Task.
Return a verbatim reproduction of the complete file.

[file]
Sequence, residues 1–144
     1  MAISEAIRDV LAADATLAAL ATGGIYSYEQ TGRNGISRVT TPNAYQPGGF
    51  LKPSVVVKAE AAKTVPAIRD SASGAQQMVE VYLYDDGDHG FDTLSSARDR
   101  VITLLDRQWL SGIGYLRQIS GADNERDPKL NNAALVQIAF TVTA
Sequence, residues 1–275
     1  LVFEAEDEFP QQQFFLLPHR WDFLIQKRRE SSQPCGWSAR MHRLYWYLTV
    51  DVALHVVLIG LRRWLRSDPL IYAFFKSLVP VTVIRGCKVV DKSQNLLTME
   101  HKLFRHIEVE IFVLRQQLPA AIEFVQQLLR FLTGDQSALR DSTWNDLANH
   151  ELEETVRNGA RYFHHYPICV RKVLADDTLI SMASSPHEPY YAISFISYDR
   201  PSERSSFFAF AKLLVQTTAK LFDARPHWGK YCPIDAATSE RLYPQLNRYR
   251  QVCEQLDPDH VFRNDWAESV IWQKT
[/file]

Sequence, residues 1–144
     1  MAISEAIRDV LAADATLAAL ATGGIYSYEQ TGRNGISRVT TPNAYQPGGF
    51  LKPSVVVKAE AAKTVPAIRD SASGAQQMVE VYLYDDGDHG FDTLSSARDR
   101  VITLLDRQWL SGIGYLRQIS GADNERDPKL NNAALVQIAF TVTA
Sequence, residues 1–275
     1  LVFEAEDEFP QQQFFLLPHR WDFLIQKRRE SSQPCGWSAR MHRLYWYLTV
    51  DVALHVVLIG LRRWLRSDPL IYAFFKSLVP VTVIRGCKVV DKSQNLLTME
   101  HKLFRHIEVE IFVLRQQLPA AIEFVQQLLR FLTGDQSALR DSTWNDLANH
   151  ELEETVRNGA RYFHHYPICV RKVLADDTLI SMASSPHEPY YAISFISYDR
   201  PSERSSFFAF AKLLVQTTAK LFDARPHWGK YCPIDAATSE RLYPQLNRYR
   251  QVCEQLDPDH VFRNDWAESV IWQKT